European football season in review: Minnows and money, back threes back in and comebacks and goodbyes
The hardest cup of all to defend will remain housed in the trophy room at the Bernabeu for the next 11 months. Bravo, then, to Real Madrid for doing what no club had managed since 1990, winning two European Cups in succession.
Order, Real will say, has been restored, with club football’s top prize going to club football’s most decorated institution. But 2016/17 across Europe was not all about establishment muscles being flexed.
On the contrary. While Juventus, losing Uefa Champions League finalists, celebrated a sixth successive Serie A title, and Bayern Munich marched on to a fifth Bundesliga crown on the trot, the formerly swaggering Paris Saint-Germain were deposed in Ligue 1, and Barcelona finished beneath top spot in Spain for the first time in three years.
■ European team of the season: Spearheaded by Messi and Ronaldo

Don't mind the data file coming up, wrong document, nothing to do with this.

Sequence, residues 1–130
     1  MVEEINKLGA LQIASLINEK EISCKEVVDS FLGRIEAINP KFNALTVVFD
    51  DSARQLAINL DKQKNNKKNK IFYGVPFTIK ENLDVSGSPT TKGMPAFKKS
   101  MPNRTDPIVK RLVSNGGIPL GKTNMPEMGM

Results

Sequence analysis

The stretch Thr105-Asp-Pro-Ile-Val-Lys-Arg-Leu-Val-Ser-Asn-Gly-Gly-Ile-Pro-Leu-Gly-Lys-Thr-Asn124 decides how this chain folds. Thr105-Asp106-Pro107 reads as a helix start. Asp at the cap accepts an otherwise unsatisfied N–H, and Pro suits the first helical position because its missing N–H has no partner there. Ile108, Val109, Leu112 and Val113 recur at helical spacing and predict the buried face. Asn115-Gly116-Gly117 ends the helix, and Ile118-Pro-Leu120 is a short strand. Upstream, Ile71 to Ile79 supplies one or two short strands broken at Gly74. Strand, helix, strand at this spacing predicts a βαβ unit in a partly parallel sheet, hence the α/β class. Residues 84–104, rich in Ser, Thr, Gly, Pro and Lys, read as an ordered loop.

OK, so Barcelona’s leapfroggers were the reigning European champions, but it was Real Madrid’s first Primera Liga triumph since 2012.
Monaco, meanwhile, celebrated like they have not done for 17 years, champions of a French championnat that, perhaps more than any of Europe’s leading competitions needed refreshing, required proof that PSG’s massive investment in players does not have to deprive the title race of meaningful suspense.
Thankfully for the rest of the continent, the Monaco feel-good factor could be shared beyond the small support-base of Monte Carlo.
They reached the last four of the Champions League playing with all the verve that made them the continent’s most prolific scorers. Their panache looked like a happy symptom of the fearlessness of youth, of young men like teenager Kylian Mbappe, backed up by a couple of wise old heads.